There are a number of roles that need to be fulfilled when setting up a company in Australia. Some of these are necessary from a management perspective and others from a legal perspective. But for a startup business it is often confusing as to which roles are important and company secretary is one of them. Let’s start with an explanation of Resident Director role who is required for an Australian company to see how a company secretary fits into the picture.
Duties of Resident Director
For any overseas company looking to set up a business in Australia, it is a necessary and a regulatory requirement to have a local Australian resident appointed as a director of the company at all times. A proprietary company (Pty) must have at least one director, while a public company must have a minimum of three directors, at least two of whom must ordinarily reside in Australia.
The importance of the company secretary’s role has increased over the years. Although it isn’t mandatory for most businesses, you do need to understand that if you don’t have one, the roles and responsibilities that a company secretary would normally perform will lay with the Directors of the company.
So, what is a Company Secretary?
Main responsibilities of a company secretary is to ensure that the company complies with all the applicable statutory and regulatory requirements. Even when you are starting out it is good practice to ensure that you have sound Corporate Governance practices in place. For instance, if you fail to keep proper records or fail to notify the Australian Securities and Investment Commission (ASIC) of certain changes this can constitute as a breach of the Corporations Act 2001 (Cth) and you can end up with a hefty fine from ASIC.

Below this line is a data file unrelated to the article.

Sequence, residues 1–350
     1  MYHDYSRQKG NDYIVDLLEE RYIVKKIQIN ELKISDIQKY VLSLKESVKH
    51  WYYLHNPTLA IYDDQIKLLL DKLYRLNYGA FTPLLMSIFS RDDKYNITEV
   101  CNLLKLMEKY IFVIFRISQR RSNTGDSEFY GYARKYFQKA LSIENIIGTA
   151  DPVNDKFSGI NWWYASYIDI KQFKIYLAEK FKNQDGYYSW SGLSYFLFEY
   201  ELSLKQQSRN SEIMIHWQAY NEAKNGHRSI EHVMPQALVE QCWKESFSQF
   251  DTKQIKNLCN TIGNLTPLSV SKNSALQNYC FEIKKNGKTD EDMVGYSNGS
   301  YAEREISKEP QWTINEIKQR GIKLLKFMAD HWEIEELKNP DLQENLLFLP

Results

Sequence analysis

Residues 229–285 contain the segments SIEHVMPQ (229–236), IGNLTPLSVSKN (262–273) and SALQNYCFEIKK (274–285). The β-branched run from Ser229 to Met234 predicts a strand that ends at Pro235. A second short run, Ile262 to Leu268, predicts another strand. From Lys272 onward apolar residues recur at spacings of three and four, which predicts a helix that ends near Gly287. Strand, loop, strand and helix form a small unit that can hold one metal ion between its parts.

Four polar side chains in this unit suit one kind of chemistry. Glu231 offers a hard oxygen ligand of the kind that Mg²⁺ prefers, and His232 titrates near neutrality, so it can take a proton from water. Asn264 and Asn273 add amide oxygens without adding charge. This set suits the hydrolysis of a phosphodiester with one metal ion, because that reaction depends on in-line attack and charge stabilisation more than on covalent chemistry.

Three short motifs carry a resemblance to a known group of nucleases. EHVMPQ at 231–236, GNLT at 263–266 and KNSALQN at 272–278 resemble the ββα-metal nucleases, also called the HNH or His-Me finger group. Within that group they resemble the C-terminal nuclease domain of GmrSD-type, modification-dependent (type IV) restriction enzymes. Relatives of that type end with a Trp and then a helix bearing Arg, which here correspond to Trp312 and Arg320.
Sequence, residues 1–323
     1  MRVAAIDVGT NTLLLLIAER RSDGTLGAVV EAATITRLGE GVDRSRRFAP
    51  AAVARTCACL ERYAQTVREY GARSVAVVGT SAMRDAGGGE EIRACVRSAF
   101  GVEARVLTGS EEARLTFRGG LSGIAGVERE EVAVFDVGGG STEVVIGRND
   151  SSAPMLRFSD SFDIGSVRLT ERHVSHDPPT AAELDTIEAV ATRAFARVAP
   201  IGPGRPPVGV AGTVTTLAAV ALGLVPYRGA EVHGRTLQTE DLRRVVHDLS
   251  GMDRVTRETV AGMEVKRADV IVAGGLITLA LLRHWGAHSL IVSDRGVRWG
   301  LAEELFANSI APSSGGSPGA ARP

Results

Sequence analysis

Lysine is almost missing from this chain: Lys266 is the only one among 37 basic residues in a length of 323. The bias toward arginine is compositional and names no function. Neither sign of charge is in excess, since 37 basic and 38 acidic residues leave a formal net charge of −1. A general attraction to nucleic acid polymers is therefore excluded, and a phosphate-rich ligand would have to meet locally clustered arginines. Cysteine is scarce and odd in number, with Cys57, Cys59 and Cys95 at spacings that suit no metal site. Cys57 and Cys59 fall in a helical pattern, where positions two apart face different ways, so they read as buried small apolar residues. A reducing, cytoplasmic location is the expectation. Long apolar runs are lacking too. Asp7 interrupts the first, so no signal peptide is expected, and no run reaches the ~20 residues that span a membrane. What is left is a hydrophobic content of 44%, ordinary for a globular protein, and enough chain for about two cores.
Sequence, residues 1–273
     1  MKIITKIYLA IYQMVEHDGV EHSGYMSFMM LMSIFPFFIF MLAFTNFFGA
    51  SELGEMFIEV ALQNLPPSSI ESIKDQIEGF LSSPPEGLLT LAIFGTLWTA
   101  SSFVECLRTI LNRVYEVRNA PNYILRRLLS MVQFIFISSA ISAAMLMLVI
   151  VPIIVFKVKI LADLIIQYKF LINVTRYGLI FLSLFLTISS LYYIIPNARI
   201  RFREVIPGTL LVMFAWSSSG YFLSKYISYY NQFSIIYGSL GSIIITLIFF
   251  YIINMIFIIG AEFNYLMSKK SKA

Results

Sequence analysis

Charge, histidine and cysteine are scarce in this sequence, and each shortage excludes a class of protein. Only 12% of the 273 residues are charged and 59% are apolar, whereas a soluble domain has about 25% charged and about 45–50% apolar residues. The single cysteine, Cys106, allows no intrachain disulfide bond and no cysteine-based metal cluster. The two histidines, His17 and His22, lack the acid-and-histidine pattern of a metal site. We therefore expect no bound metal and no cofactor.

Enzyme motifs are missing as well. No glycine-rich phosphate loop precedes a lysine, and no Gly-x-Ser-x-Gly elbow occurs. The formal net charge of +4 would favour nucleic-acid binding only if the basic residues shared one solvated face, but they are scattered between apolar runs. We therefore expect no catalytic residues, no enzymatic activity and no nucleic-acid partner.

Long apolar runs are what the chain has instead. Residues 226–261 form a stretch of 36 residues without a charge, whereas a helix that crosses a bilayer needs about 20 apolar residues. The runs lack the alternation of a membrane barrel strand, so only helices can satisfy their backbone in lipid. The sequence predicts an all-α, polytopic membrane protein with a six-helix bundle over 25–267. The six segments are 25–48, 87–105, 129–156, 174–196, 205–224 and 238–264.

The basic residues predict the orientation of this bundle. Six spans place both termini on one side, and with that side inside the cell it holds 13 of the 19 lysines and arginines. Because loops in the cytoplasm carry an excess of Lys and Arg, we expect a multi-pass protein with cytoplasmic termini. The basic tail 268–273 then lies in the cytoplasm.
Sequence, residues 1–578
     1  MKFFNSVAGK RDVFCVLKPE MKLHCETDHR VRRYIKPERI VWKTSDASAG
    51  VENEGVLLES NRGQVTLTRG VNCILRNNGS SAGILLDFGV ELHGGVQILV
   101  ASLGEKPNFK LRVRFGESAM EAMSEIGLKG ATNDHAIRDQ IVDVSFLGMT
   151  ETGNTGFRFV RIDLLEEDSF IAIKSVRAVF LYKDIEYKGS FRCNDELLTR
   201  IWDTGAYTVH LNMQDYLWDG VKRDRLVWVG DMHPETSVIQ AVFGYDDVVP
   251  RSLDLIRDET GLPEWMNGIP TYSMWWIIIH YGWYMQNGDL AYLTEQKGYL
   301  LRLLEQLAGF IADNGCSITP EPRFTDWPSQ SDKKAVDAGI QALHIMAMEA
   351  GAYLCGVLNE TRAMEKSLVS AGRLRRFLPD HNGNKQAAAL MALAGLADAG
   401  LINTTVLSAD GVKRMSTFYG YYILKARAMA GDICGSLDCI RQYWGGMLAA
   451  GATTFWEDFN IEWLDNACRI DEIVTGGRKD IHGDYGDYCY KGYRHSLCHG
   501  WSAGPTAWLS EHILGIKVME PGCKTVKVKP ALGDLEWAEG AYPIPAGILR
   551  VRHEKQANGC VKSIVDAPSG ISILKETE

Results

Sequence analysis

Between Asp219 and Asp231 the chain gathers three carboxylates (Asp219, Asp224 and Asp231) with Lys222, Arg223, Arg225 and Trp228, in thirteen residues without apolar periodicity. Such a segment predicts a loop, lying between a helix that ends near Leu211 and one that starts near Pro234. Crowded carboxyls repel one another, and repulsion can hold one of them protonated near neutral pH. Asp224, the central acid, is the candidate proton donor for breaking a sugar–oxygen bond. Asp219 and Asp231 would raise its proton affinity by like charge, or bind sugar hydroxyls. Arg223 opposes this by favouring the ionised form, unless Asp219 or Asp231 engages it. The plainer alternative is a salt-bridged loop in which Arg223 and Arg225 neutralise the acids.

Company secretaries will generally take care of a wide range of administrative tasks such as taking minutes at board meetings, notifying ASIC when a director resigns, updating the register of members if and when a shareholder sells his or her shares and keeping accurate records. So while you don’t need to appoint an official company secretary (particularly in the beginning) you do need to ensure that someone is taking on these responsibilities.
When is a Company Secretary most relevant?
- When you have a group of shareholders
- When you are a listed entity - its a necessity
- When you are looking to put in place sound governance
- Not for profit
Who is allowed to be a Company Secretary?
If you are ready to appoint one, then you need to know who is allowed to be a company secretary. Firstly they must be a natural person over the age of 18 years and must ‘normally’ reside in Australia. They need to be appointed by the directors of the company, who will also determine the conditions and remuneration for the role. Because there are legal responsibilities attached to the role, the person appointed must give their signed consent to being the company secretary and this signed consent must be kept by the company. (You also need to advise ASIC of the appointment of a company secretary within 28 days of the appointment).
Whilst it can be anyone, normally an experienced Company Secretary who has knowledge of the Corporation Act and the risks associated with being a Company Secretary would take on this role. However, for public companies, the experience and qualifications of each company secretary must be disclosed in the annual report.
Depending on the size and resources of a company, the company secretary can be considered the chief governance specialist within an organisation, and it is a role which is increasingly relied upon by the board to provide advice and implement good governance practices. This chief governance specialist role is a more proactive role than in previous times.
Most likely a person outside your business would be your first port of call. So, if you don’t have a suitable person within your business to fulfil these duties you can also outsource this role. The Azure Group provide secretarial services as one of our Corporate Governance offerings. Find out more about company secretary and our other corporate governance services here.